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Mutat Res Rev Mutat Res. 2017 Apr - Jun;772:51-66. doi: 10.1016/j.mrrev.2016.06.005. Epub 2016 Jun 22.

Clinical relevance and implications of HPV-induced neoplasia in different anatomical locations.

Author information

1
Department of Applied Tumor Biology, Institute of Pathology, University of Heidelberg, and Clinical Cooperation Unit Applied Tumor Biology, German Cancer Research Center (DKFZ), Heidelberg, Germany.
2
Department of Applied Tumor Biology, Institute of Pathology, University of Heidelberg, and Clinical Cooperation Unit Applied Tumor Biology, German Cancer Research Center (DKFZ), Heidelberg, Germany. Electronic address: miriam.reuschenbach@med.uni-heidelberg.de.

Abstract

Human papillomaviruses (HPV) are widespread DNA viruses that can infect epithelial cells of the skin and mucosa. Most HPV infections remain clinically unapparent and clear spontaneously. In few cases, however, HPV infections persist and can cause benign and malignant neoplasms at different anatomic locations. Malignant HPV-induced neoplasms are caused by distinct types of HPV (oncogenic or high-risk (HR) HPV types) and present in the anogenital (anus, penis, uterine cervix, vagina and vulva) and head and neck (particularly oropharynx) region. In the anogenital region defined precancerous stages precede invasive cancer. In the head and neck region there is clear evidence only for the invasive stage of HPV-induced neoplasia. In early infection stages the HPV oncogenes (E6/E7) are under tight control in the basal and parabasal cell layers. In more advanced precancerous stages increased expression of the HPV oncogenes E6 and E7 occurs (transforming infection) that may result in transformation of these cells. The defined carcinogenesis in the anogenital tract enables cancer early detection, particularly at the uterine cervix where cytologic and molecular tests contribute to early diagnosis and treatment at a non-invasive stage. Up to now, the treatment of HPV-related precancerous stages (high-grade intraepithelial neoplasia) and cancer is not specifically targeting molecular characteristics of the virus. This article reviews the current state and new developments in epidemiology, prevention, diagnosis and treatment of HPV-associated neoplasia in various anatomic locations.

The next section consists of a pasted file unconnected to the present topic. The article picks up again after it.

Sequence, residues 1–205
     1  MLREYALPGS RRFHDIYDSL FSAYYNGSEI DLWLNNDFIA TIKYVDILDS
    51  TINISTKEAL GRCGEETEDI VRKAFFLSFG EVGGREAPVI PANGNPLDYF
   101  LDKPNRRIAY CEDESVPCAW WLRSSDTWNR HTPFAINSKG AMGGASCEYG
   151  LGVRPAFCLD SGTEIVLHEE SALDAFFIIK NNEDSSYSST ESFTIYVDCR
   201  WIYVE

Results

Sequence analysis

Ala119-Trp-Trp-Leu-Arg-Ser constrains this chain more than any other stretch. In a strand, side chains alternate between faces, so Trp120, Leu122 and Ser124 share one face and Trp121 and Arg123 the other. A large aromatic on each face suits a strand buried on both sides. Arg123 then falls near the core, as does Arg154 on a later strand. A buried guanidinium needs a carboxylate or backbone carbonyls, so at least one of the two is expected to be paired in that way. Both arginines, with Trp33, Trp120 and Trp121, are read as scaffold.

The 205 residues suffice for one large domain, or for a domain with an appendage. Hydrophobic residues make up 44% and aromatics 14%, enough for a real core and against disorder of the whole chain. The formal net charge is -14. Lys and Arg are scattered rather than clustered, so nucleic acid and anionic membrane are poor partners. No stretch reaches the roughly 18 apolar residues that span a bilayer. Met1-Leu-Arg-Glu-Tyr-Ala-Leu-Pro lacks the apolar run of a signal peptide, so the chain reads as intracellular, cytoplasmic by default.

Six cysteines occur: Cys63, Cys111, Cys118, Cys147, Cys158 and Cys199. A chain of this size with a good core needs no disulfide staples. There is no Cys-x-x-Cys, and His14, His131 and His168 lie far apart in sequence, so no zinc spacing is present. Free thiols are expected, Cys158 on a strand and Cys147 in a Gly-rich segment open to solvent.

KEYWORDS:

Cancer; Diagnosis; Epidemiology; Human papillomavirus; Prevention; Treatment

PMID:
28528690
DOI:
10.1016/j.mrrev.2016.06.005
[Indexed for MEDLINE]

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